xxxxxThe sensitive love epic Tristan und Isolde was the one and only major work of the German poet Gottfried von Strassburg. Although left unfinished in 1210, its quality marks him out as one of the great German poets of the Middle Ages. Based on the work of a French troubadour, this tender, idyllic love story came to inspire many writers and musicians, including the German composer Richard Wagner, whose opera of that name was produced in 1859. Among other Minnesingers of this time were the Irish and Welsh bards, and the wandering minstrels of Medieval England. In Germany these survived into the 15th century as Meistersingers, and they were to provide another theme for Wagner.




xxxxxThe German poet Gottfried von Strassburg is accredited with only one major work, his unfinished love epic Tristan und Isolde, but by the quality of this one poem he has come to be regarded as one of the great German poets of the Middle Ages. Based on the Anglo-Norman version of a French troubadour called Thomas of Brittany, it treats courtly love with an intensity and a sensitivity not captured before in song or verse. Adulterous though this love might be, it is presented as the ideal of courtly romance, justified by its depth and passion. And this idyllic concept is heightened and enhanced by the refined, melodious quality of the poetry itself.

xxxxxLittle is known of Gottfried's life, but he is thought to have been born about 1170, probably in Strassburg - and to have died in 1215. The learned references in his work would suggest that he was a well-educated man, and one who was associated with the higher ranks of society if not of noble birth himself. His tender version of this idyllic love story, written around 1210, was to inspire many, but none more so than the German composer Richard Wagner, whose opera based on this great courtly romance was produced in 1859.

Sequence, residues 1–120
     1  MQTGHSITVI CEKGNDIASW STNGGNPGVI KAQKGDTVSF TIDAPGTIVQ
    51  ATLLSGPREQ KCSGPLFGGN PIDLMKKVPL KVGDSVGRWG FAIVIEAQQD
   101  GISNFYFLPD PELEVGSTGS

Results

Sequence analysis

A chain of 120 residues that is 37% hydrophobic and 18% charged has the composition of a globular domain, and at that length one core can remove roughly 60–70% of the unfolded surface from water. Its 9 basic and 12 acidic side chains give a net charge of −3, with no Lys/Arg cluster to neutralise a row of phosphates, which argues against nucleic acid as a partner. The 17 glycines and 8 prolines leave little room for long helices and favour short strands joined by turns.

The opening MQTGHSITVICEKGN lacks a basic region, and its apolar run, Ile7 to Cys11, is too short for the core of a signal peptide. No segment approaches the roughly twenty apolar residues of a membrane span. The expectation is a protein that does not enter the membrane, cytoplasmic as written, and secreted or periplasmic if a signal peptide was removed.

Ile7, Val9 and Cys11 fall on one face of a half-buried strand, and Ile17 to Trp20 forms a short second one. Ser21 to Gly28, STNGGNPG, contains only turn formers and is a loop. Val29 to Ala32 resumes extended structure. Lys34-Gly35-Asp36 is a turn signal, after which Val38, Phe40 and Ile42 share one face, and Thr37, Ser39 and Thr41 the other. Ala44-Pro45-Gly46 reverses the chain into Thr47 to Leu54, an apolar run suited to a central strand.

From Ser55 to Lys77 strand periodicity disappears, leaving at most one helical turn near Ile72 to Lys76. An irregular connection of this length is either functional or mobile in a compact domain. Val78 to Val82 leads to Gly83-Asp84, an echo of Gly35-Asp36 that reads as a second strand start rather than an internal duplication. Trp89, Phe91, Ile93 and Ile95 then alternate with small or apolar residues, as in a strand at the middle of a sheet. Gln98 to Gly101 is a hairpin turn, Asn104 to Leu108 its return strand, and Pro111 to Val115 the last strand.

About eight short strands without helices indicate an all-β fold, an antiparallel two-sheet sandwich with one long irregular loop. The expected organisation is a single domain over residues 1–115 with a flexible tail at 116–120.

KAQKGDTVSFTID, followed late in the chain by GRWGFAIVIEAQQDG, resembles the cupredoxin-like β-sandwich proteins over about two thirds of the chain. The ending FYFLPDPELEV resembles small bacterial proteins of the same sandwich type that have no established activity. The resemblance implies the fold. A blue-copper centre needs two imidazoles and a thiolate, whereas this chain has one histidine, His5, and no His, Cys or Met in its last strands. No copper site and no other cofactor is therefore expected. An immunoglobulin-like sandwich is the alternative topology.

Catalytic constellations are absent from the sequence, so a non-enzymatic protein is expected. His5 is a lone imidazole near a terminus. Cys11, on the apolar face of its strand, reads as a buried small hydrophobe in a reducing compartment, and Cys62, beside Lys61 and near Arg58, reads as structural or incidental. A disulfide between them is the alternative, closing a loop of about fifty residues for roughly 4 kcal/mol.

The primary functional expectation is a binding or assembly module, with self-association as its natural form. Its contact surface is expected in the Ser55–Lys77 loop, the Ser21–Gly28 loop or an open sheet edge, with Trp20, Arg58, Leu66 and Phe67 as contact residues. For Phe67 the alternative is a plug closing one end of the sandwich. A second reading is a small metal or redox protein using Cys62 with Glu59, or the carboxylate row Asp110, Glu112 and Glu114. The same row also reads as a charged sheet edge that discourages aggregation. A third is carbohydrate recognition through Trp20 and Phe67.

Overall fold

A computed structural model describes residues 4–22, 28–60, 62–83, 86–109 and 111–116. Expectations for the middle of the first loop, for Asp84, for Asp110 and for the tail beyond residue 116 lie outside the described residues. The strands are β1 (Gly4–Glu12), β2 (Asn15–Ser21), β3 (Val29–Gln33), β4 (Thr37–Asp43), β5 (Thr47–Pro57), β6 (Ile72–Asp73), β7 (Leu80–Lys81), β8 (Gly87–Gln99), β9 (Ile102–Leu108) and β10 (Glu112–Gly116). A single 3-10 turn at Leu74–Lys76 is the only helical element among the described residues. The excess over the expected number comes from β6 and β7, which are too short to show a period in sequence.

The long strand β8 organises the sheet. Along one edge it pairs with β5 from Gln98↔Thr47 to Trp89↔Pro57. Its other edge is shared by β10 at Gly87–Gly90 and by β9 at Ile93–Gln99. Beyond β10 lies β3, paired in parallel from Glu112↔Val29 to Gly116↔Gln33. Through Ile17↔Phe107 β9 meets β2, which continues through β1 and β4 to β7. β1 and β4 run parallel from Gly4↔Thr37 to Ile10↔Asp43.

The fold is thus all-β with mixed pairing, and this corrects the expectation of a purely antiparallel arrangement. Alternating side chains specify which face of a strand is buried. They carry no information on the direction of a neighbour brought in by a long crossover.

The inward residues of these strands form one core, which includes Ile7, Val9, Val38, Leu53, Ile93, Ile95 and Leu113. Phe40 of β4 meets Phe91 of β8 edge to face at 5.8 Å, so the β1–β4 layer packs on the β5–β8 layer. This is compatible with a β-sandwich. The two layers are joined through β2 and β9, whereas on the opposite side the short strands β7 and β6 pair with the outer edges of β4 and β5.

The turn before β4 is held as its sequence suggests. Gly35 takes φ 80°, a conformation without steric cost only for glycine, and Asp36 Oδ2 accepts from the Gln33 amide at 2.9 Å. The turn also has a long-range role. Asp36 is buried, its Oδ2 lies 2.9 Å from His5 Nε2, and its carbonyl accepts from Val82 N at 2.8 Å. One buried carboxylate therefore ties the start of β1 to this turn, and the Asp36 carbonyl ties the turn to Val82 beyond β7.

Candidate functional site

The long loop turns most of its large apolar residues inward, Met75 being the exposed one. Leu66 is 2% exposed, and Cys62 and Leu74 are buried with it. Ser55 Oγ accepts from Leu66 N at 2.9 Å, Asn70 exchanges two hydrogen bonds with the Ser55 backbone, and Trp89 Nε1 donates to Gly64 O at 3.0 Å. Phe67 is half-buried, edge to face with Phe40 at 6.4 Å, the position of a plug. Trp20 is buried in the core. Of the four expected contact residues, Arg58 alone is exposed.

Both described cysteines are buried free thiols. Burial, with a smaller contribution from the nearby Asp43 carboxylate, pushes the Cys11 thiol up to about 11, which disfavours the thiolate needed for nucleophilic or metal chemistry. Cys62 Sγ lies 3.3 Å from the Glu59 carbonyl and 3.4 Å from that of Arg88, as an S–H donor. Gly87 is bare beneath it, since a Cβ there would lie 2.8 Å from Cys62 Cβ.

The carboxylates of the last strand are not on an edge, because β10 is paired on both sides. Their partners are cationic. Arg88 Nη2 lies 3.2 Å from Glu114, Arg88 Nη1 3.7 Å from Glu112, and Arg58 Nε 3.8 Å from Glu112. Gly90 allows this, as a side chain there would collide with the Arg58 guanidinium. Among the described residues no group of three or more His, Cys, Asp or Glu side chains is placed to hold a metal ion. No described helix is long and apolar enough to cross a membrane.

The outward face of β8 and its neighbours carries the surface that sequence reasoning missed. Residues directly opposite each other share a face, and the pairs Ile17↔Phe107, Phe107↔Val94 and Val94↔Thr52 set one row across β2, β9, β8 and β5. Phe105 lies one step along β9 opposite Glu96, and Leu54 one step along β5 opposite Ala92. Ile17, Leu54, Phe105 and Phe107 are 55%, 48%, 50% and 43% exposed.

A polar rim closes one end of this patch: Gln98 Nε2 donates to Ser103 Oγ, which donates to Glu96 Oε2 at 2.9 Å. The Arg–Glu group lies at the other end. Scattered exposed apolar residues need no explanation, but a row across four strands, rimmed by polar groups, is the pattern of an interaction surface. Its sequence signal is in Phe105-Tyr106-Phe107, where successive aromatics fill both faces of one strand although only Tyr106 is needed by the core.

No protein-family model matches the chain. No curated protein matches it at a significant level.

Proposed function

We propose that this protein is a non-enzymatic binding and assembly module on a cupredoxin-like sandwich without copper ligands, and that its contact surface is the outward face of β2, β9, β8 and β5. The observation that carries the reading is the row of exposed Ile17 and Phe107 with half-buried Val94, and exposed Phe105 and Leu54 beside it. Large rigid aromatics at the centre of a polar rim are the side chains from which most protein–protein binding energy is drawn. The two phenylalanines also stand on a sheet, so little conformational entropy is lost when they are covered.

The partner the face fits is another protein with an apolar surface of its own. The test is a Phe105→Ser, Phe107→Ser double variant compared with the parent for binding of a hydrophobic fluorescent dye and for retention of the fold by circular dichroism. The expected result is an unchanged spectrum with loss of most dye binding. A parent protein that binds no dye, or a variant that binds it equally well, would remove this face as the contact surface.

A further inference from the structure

xxxxxGottfried can be numbered among the Minnesingers of this time. These were the singers of the Minnesang or love lyric, and can be likened to the French troubadour, the Irish and Welsh bard, and the wandering minstrel of Medieval England. Famous among these itinerant poets and musicians were Walter von de Vogelweide, Heinrich von Veldeke, Hartmann von Aue, and Wolfram von Eschenbach. In Germany the tradition of the wandering poet, singer and musician was continued into the fourteenth and fifteenth centuries by the Meistersingers, or Master Singers - and this was to be another theme used by Wagner.


The Marriage: stained-glass window by the Pre-Raphaelite artist Edward Burne-Jones (1833-1898), 1862, originally designed for the Music Room at Harden Grange, Bingley, Yorkshire, the then home of the textile magnet Walter Dunlop – Bradford Art Gallery, Yorkshire, England. Minstrels: from Scenes and Characters of the Middle Ages by the English antiquarian Edward Lewes Cutts (1824-1901), 1872 – eBook, The Project Gutenberg.